It’s a rare occurrence to see two human faces superimposed on top of each other in the real world, at least outside of Photoshopped manipulations and Conan O’Brien’s “If They Mated“. But just such a thing can happen when you’re sitting on a subway car in just the right spot and the overhead fluorescent lighting glows at just the right intensity so that you’re able to see through the glass windows into the next adjoined subway car where one of it’s grumpy urbanites (exhibit A) sitting in reverse facing your car is glaring back at you like no force to be reckoned with and the windows are tinted and so spotlessly clean that the reflected image of another silently sulking commuter (exhibit B) sitting forward-facing in your own subway car appears in the identical spot from which grumpy urbanite (exhibit A) is already glaring and the precise position of two other individuals in three-dimensional space relative to your own is bound together for a timeless moment forming a quite horrid composite image of grumpy urbanite (exhibit A) placed perfectly inline with sulking commuter (exhibit B) and as you rhythmically bounce along the tracks beneath Market Street together you gaze in wonder for a full 45 seconds at this bizarre spectre (exhibit C) quite unlike any hallucination you’ve ever experienced.
My hat’s off to the Opera team for pushing out what looks to be a fine browser in the final release of version 7. So far, only the Windows version of Opera 7 is available. As always, it’s lightweight, it installed quickly (sans-Java), and starts up lightning-fast as well (without using the “Quick Launch” cheat.) continued
Dave Winer asks:
A question for CSS design gurus. What’s the best you can do with a table that has three columns like the one on Weblogs.Com. Let’s see an example. I’d like the page to look good and load fast. Postscript: No one seems to understand — I want to do weblogs.com without a table. Column 1 is the number, column 2 is the name of the weblog. Column 3 is the time it last updated. Look at the page.
Hmmm. CSS design gurus. More lists. Ok, should be easy. (So I thought.) I haven’t contributed to any “markovers” yet, and this one seems like a simple enough challenge. There’s gotta be a way to do this one. Let’s take it on. continued
Ordered and unordered lists have been popping up more often within the blogosphere lately. Through the use of style sheets, we can now tame our lists, rendering them in ways that traverse well beyond the traditional bulleted form so overused by PowerPoint addicts. I’ve been debating with myself whether this is a good or bad thing. continued
How quickly an intended 2 or 3-day break from writing entries can turn into a 2-week hiatus. Viewing my entries by day displays a monthly calendar I implemented over the holidays. It sadly reveals a very sparse January so far. I’ve been railed by friends and family for not keeping up with the writing. Seems these words supplant the traditional phone calls and emails for keeping tabs on what I’m up to. continued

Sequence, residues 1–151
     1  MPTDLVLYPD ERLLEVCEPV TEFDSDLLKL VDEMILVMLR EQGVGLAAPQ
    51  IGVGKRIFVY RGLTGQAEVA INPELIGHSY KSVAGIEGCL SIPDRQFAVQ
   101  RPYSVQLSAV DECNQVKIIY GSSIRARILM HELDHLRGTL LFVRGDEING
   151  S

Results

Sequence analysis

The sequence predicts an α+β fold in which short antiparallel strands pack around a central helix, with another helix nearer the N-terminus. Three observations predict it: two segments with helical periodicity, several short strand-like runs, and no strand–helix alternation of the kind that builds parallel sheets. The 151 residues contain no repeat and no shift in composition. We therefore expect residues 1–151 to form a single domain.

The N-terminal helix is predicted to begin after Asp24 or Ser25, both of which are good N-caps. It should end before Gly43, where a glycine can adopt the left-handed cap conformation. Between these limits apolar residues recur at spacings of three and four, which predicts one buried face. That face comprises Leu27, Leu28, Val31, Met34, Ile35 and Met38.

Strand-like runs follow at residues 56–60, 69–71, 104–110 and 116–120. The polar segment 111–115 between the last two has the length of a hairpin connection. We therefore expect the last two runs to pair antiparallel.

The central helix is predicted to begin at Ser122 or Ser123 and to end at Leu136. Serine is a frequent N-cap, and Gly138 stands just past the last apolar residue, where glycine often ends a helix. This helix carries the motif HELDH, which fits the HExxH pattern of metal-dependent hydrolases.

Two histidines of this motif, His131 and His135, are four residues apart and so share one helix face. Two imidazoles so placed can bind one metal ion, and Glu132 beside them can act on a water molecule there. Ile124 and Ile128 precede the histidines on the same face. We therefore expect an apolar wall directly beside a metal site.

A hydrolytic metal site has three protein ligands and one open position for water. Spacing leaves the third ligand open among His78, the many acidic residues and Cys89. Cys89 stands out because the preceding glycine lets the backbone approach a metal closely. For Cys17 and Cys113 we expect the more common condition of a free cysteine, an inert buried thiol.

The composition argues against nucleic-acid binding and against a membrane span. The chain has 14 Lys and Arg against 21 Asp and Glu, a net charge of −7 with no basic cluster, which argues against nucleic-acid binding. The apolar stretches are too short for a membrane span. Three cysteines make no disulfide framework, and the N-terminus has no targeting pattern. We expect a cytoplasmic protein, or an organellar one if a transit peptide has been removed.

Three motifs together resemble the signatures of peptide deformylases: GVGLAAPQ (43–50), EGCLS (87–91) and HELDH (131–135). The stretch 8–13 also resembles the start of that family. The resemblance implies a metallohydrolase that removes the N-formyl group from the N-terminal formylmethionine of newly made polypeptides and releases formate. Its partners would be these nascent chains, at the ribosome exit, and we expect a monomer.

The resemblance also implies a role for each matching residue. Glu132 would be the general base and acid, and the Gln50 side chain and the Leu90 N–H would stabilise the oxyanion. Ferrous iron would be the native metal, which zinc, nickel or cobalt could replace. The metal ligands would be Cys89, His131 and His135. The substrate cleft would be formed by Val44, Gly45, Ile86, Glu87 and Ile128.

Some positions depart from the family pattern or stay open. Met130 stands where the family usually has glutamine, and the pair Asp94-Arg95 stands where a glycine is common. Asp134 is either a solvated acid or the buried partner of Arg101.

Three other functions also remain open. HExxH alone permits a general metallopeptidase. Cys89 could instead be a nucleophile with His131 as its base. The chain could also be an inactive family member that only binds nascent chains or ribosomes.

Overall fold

A little more on the flamboyant title sequence I mentioned over Christmas from the movie, Catch Me If You Can. The opening title sequence was assembled by Nexus Productions out of London, who in turn, contracted a well-known pair of French animators and conceptual artists, Olivier Kuntzel and Florence Deygas. Kuntzel + Deygas are the creators behind the odd orange cow, Winney. Their work is also seen in several videos from the off-kilter pop sounds of Sparks. continued
I’ve always loved the pure design and typography from the Netherlands. Filled with a balance of beautiful form and practical function, and wonderfully obvious information hierarchy, Dutch design always evokes an emotional reaction within me. Granted, my personality slants heavily toward organization, logic, and simplicity. But I’m so often amazed at how the Dutch can seamlessly combine order of information with an individual expression unique to every design and designer. Much of my influence comes directly from Dutch design. continued
When the competition to design California’s version of a commemorative U.S. quarter was announced last fall, I debated whether to enter something. Any attempt to represent something meaningful in a space the size of a coin or a 32-by-32-pixel icon requires a certain skill and discipline that not every designer possesses, or cares to hone. My time ran out, and nothing was entered.
The appointed quarter committee recently selected 20 designs as finalists. Governor Davis will narrow the selection down to 5, rank each of them by preference, then pass them on to the U.S. Mint and other government organizations for review.
I share Tantek’s sentiment, and hope we avoid any Hollywood or filmstrip-based designs. However, while I think the Golden Gate Bridge is a highly recognized symbol of the Bay Area and the West Coast in general, I wonder if it’s the best icon for the state? California is highly diverse, especially considering its geographic spread from north to south, and the various climates, cultures, and styles it contains. This will be a difficult state to pin down in one representational design.
If I had to choose the bridge, more tweaking to coin #4 or coin #20 would allow them to become likely candidates. Personally, I’d prefer one of the nature-based designs to those that highlight anything man-made. I’m drawn toward #17. Not just because it was designed by a good friend, former design director, and manager of mine at Wired. More because it’s simple, clean, iconic, and unique to California. I love the subtle tree rings in the background — but use of the Latin species name for Giant Sequoia is overkill.
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